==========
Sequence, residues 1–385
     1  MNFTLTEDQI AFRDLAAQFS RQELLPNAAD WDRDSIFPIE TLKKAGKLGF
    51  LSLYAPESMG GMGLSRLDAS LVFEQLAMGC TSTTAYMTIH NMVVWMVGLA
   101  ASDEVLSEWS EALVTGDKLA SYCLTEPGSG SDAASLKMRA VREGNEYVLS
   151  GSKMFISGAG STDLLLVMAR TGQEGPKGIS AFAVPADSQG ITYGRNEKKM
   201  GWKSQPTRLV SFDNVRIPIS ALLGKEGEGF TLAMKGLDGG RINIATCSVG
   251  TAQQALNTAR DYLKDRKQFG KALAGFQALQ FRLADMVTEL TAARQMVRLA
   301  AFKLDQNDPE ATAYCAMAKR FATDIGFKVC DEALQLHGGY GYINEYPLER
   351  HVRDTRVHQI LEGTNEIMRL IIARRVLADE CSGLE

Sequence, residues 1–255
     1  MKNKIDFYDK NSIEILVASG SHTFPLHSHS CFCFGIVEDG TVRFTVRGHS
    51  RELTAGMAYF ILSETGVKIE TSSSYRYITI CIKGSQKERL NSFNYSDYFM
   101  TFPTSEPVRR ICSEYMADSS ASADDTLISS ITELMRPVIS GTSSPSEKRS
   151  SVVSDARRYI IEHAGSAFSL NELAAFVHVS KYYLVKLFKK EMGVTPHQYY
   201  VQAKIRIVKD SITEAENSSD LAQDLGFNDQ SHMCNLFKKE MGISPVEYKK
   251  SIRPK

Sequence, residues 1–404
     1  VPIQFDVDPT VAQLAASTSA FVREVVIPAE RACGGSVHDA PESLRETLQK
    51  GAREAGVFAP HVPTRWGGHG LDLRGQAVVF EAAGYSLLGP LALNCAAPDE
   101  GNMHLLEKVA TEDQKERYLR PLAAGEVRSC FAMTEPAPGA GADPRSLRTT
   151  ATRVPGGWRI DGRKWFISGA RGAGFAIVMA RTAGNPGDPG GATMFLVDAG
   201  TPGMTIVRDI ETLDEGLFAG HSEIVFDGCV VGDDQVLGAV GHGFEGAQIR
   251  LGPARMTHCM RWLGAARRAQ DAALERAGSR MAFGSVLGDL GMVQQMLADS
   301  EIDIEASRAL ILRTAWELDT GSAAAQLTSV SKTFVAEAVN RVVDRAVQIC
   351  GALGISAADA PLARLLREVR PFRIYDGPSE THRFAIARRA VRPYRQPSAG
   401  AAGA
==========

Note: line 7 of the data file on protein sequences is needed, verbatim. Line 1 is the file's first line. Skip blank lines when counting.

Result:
   251  TAQQALNTAR DYLKDRKQFG KALAGFQALQ FRLADMVTEL TAARQMVRLA